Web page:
I'm excited to be attending the 2014 National Genealogical Society (NGS) Family History Conference next month in Richmond, Virginia. It's hard to believe it is less than two weeks away! For those of you who will also be attending, I've highlighted a few tools to help you plan and make the most of your experience:
1) The 2014 NGS Conference Syllabus is now available online for registered attendees. I encourage you to browse through it now so you can start thinking about which sessions you most want to attend, and either print pages for the sessions you wish to attend, or download a copy to your tablet, computer or other device if you desire. To view and download the syllabus, log in to the NGS website at NGS 2014 Conference Syllabus. Please allow up to 10 minutes for the download to complete as the file is very large. Attendees will also receive a digital copy of the syllabus on a thumbdrive at conference check in. You can prepare for the conference before you leave home by viewing and printing syllabi for the sessions you would like to attend. If you're bringing a tablet, then you may want to download the syllabus there while still at home with access to fast wifi.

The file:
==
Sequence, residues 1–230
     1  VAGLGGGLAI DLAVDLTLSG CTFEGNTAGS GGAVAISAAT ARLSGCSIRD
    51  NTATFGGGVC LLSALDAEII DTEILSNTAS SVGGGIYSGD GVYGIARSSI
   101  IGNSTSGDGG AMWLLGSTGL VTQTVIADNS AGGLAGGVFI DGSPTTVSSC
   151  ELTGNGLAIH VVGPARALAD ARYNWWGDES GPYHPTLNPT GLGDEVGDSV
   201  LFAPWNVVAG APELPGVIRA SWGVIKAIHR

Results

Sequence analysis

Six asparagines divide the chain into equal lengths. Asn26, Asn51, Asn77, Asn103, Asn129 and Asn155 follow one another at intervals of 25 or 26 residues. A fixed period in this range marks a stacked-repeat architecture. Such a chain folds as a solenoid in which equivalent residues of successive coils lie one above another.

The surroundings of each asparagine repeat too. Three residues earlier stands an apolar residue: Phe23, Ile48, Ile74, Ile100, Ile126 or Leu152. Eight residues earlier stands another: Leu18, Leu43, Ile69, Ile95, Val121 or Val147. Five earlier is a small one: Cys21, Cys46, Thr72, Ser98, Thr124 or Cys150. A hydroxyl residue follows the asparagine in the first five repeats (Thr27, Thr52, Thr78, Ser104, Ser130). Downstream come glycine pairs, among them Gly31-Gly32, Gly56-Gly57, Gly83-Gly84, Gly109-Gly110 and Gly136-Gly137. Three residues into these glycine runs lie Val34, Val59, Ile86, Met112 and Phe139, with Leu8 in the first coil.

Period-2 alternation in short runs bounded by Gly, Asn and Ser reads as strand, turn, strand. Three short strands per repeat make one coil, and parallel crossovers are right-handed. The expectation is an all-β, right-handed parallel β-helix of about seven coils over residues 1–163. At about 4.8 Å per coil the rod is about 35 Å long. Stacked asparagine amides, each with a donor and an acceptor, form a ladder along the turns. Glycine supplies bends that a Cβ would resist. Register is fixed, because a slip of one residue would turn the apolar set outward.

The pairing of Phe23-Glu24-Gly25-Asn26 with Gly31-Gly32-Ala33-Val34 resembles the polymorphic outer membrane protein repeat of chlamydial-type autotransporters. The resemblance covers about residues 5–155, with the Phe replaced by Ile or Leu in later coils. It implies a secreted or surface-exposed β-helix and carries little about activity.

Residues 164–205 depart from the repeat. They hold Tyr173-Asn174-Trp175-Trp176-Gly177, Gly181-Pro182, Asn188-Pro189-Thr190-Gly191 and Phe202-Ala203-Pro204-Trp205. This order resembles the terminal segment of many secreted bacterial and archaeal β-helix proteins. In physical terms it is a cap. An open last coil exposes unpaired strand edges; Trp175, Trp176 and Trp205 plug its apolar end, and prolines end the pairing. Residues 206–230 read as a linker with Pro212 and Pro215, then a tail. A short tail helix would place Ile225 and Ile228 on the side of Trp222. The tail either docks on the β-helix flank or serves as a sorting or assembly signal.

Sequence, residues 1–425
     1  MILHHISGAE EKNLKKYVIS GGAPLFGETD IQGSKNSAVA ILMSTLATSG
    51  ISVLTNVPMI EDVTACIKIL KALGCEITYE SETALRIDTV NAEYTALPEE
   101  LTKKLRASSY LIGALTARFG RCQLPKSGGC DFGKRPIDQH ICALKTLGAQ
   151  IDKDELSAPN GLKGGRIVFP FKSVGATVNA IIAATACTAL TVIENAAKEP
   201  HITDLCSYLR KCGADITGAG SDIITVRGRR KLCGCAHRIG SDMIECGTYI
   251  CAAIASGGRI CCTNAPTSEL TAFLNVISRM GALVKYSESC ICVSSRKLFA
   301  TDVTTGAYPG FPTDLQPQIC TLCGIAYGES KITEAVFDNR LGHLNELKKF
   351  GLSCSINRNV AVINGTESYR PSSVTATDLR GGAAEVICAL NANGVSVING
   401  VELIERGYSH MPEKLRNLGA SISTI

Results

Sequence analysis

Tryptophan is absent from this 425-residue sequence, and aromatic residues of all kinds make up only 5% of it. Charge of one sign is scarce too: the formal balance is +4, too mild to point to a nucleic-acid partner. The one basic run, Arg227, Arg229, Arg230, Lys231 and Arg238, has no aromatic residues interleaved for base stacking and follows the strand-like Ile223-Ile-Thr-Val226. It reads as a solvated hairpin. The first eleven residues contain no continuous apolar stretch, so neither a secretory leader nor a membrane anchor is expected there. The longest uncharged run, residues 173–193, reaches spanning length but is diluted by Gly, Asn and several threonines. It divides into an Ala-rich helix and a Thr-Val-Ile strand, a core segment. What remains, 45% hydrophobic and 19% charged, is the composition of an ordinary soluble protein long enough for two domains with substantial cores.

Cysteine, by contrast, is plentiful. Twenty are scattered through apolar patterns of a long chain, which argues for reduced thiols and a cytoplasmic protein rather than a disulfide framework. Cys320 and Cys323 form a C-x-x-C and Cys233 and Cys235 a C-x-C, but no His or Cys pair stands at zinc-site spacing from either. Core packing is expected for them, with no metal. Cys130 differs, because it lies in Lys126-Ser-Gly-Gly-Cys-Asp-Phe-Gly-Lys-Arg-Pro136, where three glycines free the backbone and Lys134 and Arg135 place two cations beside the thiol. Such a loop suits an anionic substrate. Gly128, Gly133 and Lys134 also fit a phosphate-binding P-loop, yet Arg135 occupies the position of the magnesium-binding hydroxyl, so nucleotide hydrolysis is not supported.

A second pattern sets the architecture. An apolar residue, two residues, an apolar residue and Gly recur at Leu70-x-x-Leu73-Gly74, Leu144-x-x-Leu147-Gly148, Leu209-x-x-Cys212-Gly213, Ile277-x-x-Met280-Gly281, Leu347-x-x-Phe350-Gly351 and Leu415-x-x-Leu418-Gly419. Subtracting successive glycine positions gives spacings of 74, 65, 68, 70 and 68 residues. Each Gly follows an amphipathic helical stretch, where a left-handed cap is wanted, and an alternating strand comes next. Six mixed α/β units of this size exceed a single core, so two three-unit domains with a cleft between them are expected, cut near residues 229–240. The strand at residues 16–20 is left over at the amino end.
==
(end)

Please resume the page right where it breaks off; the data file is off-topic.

Count me among the thousands of frustrated users of subscription genealogy website, FindMyPast, who woke up one day last month to find their search experience turned upside down. For those of you who were already using FindMyPast.com, this probably hasn't been a blip on your radar as the search features on the US .com site have been in place for over a year. However, those of us who preferred the search features of the original UK version of the site have some serious changes to get used to. Here are a few resources to get you started:
FindMyPast Responds to Website Criticism - An informative Q&A from Who Do You Think You Are? Magazine published on 8 April 2014.
ReviewCentre.com: FindMyPast.co.uk - Upset reviews from customers, some valid and some just griping. But if you want to learn more about what the fuss is all about...